I’ve mentioned the insurance Act 2015 a couple of times now and on 12th August 2016 it finally becomes law. Many Insurance Brokers and Insurance Companies have already tried to increase their compliance to meet the new standards but when your insurance policies fall due for renewal after this date be prepared potentially for a few more questions and a little more work.
Thankfully, several of the changes are mostly applicable to claims and relate to fraud or failure to comply with terms and conditions.
For example a genuine claim that becomes subject to fraud, would still allow a genuine part of the claim to be paid up until the fraudulent activity takes place. No refunds have to be made to a customer that has had their policy terminated due to fraud and so on. Likewise your claim should not be invalidated by breaking a term or condition unless it was directly linked to the claim.
What many customers are likely to notice is that brokers and insurers will want more precise information and ask more questions and be more concerned with answers or incomplete information. Insurers can no longer just claim missing data would have been a material and throw out a claim, so now more questions will be asked!
One of the biggest problems faced by customers and insurers is the number of customers that do not understand (or sometimes choose not to understand) how insurance sees them and this leads to purchasing incorrect policies. Whether this means the policies are entirely inappropriate so the policy is invalidated, or they have incorrect terms and conditions applied or charged an inappropriate premium. This is abundantly clear from a statistic that suggested 35% of claims from policies bought online are thrown out.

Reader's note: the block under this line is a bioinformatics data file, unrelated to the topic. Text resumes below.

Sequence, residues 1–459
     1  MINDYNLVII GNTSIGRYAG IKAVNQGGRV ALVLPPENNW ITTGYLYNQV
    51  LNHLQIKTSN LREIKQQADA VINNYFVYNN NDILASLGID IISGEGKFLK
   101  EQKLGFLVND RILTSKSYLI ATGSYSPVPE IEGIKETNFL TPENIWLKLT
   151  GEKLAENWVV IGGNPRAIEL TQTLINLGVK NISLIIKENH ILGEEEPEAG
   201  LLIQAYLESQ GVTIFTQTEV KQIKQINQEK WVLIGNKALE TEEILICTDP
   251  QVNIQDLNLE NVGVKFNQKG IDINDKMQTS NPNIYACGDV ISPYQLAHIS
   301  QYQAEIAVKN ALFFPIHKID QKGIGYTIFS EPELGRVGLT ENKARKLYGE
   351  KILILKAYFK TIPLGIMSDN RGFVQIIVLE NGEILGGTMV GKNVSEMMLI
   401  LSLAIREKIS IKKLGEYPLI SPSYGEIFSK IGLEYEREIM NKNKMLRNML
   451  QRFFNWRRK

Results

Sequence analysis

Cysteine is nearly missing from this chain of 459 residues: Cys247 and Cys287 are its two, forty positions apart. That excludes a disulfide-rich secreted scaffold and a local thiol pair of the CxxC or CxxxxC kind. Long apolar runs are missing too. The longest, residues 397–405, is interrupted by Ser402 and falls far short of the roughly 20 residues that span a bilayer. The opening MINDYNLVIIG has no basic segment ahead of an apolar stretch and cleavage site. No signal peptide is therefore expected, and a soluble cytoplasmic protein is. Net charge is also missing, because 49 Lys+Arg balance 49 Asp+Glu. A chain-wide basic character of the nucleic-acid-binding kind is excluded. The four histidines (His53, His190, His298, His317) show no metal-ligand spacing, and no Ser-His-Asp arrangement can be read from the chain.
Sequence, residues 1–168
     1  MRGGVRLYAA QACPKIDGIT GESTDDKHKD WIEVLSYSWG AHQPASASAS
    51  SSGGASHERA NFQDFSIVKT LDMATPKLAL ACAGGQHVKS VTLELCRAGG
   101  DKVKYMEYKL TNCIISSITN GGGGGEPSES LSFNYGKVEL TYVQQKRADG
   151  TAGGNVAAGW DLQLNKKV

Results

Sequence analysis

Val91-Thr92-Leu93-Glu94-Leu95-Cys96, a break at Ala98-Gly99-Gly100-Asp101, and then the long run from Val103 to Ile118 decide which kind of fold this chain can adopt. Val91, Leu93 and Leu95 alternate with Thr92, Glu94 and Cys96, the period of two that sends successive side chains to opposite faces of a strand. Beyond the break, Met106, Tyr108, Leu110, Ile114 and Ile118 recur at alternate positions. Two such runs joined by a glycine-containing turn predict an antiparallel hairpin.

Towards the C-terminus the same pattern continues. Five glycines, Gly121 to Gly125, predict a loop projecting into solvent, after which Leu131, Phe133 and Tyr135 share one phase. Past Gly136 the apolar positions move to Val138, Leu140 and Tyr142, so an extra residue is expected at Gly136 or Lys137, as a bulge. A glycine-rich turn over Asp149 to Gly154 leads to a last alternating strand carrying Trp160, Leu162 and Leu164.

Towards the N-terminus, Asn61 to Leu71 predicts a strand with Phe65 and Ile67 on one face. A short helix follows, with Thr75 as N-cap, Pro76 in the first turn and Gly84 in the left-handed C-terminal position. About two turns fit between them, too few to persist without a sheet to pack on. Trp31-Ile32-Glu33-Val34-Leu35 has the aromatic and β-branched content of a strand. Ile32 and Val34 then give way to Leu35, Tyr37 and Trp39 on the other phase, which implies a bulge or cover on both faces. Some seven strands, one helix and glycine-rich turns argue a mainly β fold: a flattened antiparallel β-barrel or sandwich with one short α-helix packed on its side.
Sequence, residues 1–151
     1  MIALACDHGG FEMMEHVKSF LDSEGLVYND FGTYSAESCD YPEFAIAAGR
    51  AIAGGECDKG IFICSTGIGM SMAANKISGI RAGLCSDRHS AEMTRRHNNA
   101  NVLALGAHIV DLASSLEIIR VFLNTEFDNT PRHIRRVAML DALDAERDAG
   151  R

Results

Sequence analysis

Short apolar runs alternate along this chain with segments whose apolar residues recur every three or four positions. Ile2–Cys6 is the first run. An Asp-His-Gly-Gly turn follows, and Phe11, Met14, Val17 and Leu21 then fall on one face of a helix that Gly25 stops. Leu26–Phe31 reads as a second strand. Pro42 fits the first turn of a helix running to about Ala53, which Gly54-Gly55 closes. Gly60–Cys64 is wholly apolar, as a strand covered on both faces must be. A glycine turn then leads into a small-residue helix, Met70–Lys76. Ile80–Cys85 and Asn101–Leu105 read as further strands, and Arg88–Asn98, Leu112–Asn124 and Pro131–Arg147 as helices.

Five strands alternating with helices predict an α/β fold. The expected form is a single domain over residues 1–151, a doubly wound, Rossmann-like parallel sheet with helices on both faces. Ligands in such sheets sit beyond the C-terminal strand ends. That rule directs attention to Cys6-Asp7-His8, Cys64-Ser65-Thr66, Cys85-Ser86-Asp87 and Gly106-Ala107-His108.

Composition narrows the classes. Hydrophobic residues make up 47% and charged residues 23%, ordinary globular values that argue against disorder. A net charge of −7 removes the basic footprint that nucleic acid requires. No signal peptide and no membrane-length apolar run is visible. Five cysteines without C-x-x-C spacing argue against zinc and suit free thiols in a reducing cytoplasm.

We frequently see this lack of understanding (or sometimes customers not caring and just wanting a cheap policy) and hope the new Act will encourage customers to better cover themselves and encourage better service from the insurance industry. As a rule, a company/ trader should consider what their main source of income or predominant activity is.
A few common examples we see are; If you sell at a market once a week but also sell online (or wholesale) and your non market turnover is greater than your market activities you would almost certainly be considered to be an online retailer that also happens to trade at markets. This does not necessarily negate your cover but you should bring this to the attention of the insurer/ broker. Often with small businesses insurers will be more flexible.
Caterers, especially those with mobile units or vans that do catering away from markets, especially weddings and parties and other forms of outside or mobile catering. Sometimes a small amount of this will be acceptable but again if non market activities are your primary source of income a standard market trader policy may not be suitable.
Traders, who offer non market related services such as home visits, if they involve installation or fitting.
Finally, If you are buying online and your retail type or trade isn’t listed, if you pick something you feel is similar you should check with the relevant company that they are happy with you being considered that trade type. Whilst, this can be frustrating (we have this problem a lot when arranging shop insurance) this is not something the new Act is likely to make much easier!
If in doubt get advice from a professional.